The Ryman Auditorium (formerly Grand Ole Opry House and Union Gospel Tabernacle) is a 2,362-seat live performance venue, located at 116 5th Avenue North, in Nashville, Tennessee and is best known as the most famous former home of the Grand Ole Opry. It is owned and operated by Ryman Hospitality Properties, Inc.
The auditorium first opened as the Union Gospel Tabernacle in 1892. It was built by Thomas Ryman (1843–1904), a riverboat captain and Nashville businessman who owned several saloons. Ryman conceived of the auditorium as a tabernacle for the influential revivalist Samuel Porter Jones. After Ryman's death, the Tabernacle was renamed Ryman Auditorium in his honor. Architect Hugh Cathcart Thompson designed the structure.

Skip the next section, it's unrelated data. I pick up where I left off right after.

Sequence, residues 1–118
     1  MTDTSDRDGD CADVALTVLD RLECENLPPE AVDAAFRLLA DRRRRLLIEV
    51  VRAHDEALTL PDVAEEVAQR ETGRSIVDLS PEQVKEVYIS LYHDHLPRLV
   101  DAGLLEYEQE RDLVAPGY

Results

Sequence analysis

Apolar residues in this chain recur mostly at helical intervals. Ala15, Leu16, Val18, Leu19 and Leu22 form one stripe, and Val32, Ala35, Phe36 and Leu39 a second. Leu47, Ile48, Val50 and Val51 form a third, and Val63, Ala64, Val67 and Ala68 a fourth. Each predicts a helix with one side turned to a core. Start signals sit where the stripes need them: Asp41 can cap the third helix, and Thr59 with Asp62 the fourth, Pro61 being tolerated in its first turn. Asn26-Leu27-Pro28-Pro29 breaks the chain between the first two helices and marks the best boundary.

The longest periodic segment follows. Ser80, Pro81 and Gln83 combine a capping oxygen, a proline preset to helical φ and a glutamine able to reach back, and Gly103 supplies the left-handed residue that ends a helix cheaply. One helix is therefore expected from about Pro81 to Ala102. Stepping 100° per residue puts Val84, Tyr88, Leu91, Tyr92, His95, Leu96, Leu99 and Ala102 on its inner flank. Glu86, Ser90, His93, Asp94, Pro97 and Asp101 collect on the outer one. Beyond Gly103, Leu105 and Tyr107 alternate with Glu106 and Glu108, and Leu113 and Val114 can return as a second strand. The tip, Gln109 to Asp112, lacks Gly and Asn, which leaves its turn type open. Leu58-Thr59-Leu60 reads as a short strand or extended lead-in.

It was used for Grand Ole Opry broadcasts from 1943 until 1974, when the Opry built a larger venue just outside Nashville at the Opryland USA theme park. (In an effort to maintain continuity with the Opry's storied past, a large circle was cut from the floor of the Ryman stage and inlaid into the center of the new Opry stage.) The Ryman then sat mostly vacant and fell into disrepair until 1992 when Emmylou Harris and her band, the Nash Ramblers, performed a series of concerts there (the results of which appeared on her album At the Ryman).